In this work, we explore the development and application of a beamforming algorithm that explicitly searches for multiple wavetypes. This builds on 3-component beamforming or Matched Field Processing (MFP) algorithms by Riahi et al. (2013), and Gal et al. (2018), where in addition to gridsearching over possible source azimuths, a distinct gridsearch is performed for each possible wavetype of interest. This does not solve the problem that a given cable orientation might be less sensitive to certain directions, but at least an array-response function can be robustly defined for each type of seismic excitation. This might help further distinguish whether beamforming observations are dominated by primary sources or by secondary scattering (van der Ende and Ampuero, 2020 preprint).
Much of this work uses analytic theory and synthetic examples. Time permitting, the enhanced algorithm will also be applied to data from the Mt. Meager experiment to explore its feasibility and efficacy with real data (EGU contribution from Klaasen et. al, 2021).
How to cite: Bowden, D. C., Klaasen, S., Martin, E., Paitz, P., and Fichtner, A.: Wave-selective beamforming with Distributed Acoustic Sensing, EGU General Assembly 2021, online, 19–30 Apr 2021, EGU21-12216, https://doi.org/10.5194/egusphere-egu21-12216, 2021.
We present an analysis and qualitative comparison between acoustic data recorded on a distributed acoustic sensing (DAS) instrument (Silixa iDAS, version 2) and a three-component geophone chain colocated in a 400 m deep ICDP borehole in the magmatically active Vogtland area, Germany. A tight buffer single-mode fiber optic cable with a structured surface was installed and cemented behind casing down to total depth of the well. Additionally, a vertical array of 10 Hz geophones is suspended within the borehole.At the surface, further geophones were installed to shape a permanent three-dimensional seismic array. For this experiment the DAS system sampled strain-rate data at 10 m gauge length and 1 m spacing, yielding a high-resolution image of the wave field. Both seismic systems recorded data for 24 hours at 1 kHz sampling rate.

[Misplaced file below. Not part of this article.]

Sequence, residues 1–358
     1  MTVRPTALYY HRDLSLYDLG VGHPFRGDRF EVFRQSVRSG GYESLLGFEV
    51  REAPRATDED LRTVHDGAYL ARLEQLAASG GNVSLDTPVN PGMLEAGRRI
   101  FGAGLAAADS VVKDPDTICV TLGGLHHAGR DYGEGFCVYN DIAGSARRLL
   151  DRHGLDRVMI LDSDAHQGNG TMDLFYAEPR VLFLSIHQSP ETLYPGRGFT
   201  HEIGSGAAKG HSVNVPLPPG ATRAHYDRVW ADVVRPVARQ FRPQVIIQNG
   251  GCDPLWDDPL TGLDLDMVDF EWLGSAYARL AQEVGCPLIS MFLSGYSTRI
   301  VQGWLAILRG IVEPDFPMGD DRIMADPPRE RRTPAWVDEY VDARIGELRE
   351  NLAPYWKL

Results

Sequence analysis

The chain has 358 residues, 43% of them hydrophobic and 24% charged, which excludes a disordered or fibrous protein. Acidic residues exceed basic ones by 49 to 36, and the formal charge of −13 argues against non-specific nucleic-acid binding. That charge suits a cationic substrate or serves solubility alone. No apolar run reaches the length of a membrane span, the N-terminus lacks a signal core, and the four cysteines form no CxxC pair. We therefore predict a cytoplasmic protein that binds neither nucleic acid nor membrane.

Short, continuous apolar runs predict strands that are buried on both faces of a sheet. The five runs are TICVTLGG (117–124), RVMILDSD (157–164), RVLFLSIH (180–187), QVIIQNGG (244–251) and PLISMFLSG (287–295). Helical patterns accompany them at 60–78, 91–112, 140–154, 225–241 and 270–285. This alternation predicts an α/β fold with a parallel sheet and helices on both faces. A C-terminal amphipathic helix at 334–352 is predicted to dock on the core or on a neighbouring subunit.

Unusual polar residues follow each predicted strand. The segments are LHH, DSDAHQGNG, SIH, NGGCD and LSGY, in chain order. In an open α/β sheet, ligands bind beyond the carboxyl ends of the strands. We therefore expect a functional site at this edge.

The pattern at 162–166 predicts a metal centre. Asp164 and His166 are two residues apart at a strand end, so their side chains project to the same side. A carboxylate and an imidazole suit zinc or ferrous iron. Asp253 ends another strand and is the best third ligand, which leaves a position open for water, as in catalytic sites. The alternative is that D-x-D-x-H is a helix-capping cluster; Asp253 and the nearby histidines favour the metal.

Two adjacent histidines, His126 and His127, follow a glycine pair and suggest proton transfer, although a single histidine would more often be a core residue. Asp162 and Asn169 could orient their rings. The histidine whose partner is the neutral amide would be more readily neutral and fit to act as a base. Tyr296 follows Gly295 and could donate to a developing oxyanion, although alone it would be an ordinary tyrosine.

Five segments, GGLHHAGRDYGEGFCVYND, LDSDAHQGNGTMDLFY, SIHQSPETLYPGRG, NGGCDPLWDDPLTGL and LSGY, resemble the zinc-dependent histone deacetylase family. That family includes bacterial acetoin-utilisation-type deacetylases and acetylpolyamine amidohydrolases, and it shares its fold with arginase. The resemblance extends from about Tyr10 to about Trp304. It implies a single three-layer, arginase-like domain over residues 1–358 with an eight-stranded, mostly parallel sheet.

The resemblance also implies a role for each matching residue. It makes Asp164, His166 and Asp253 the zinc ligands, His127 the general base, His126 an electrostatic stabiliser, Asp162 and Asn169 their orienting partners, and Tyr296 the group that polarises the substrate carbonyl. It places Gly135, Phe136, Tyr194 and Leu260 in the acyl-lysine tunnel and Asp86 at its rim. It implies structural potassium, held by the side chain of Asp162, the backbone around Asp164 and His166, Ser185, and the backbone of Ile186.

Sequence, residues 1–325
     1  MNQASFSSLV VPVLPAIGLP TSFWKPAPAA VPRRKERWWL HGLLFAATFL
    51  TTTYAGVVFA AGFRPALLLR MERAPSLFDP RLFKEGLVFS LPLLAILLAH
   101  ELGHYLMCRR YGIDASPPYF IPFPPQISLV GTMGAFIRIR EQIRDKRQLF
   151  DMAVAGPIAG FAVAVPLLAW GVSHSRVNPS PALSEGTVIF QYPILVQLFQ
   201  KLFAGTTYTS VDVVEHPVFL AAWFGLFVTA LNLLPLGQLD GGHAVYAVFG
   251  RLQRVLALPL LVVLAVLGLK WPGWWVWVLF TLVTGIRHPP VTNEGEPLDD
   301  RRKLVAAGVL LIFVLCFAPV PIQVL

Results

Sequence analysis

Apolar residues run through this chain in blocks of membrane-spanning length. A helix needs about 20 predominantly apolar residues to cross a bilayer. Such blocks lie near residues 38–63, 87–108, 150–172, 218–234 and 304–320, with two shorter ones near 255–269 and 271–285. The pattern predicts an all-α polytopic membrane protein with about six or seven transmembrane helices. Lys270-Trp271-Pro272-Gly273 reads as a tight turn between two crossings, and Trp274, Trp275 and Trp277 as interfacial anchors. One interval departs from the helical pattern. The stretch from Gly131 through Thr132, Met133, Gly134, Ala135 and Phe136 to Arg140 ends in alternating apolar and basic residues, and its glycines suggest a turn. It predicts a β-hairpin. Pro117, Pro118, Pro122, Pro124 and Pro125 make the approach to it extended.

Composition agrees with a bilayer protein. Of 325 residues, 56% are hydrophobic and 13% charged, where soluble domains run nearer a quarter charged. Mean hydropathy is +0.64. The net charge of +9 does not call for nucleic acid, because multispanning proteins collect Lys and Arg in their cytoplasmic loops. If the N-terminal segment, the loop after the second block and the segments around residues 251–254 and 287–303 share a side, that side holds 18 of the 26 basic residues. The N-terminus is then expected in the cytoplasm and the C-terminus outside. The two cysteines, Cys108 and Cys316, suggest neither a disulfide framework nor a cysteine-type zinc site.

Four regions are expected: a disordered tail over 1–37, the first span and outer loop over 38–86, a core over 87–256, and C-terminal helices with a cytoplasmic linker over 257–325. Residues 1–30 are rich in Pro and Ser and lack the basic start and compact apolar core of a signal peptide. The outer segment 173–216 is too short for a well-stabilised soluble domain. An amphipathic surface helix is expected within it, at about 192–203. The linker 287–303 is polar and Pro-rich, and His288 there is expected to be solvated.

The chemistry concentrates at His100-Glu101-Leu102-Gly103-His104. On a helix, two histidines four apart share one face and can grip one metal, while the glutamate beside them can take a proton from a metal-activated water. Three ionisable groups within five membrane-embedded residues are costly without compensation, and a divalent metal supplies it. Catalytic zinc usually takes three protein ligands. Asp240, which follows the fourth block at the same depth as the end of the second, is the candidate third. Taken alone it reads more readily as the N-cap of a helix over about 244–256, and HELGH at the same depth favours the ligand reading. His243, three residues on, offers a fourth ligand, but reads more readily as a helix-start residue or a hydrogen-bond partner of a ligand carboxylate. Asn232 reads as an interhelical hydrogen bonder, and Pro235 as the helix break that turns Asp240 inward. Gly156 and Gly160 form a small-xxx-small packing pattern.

Within these 24 hours of recording, we shot a vertical seismic profile (VSP) with a 300 kg heavy and 2.4 m tall drop weight source moving up to a distance of 400 m away from the wellhead. Furthermore, passive seismic events at local and regional distances were recorded.
We compare the signal quality between the DAS system and the calibrated three-component geophones using the active and passive signals, to determine the sensitivity, signal-to-noise ratios and frequency response. Further we investigate the noise characteristics of both systems in this natural and remote environment, and evaluate the feasibility of borehole DAS behind casing for micro-earthquake monitoring. We give an outlook how dense DAS data can be utilized for VSP experiments with the aim to develop methods for fault detection and characterisation for application in DAS data recorded at the surface.
How to cite: Isken, M. P., Dahm, T., Heimann, S., Wollin, C., Ohrnberger, M., Reinsch, T., and Krawczyk, C. M.: Signal analysis between DAS and geophones in a vertical borehole from active and passive sources, EGU General Assembly 2021, online, 19–30 Apr 2021, EGU21-10943, https://doi.org/10.5194/egusphere-egu21-10943, 2021.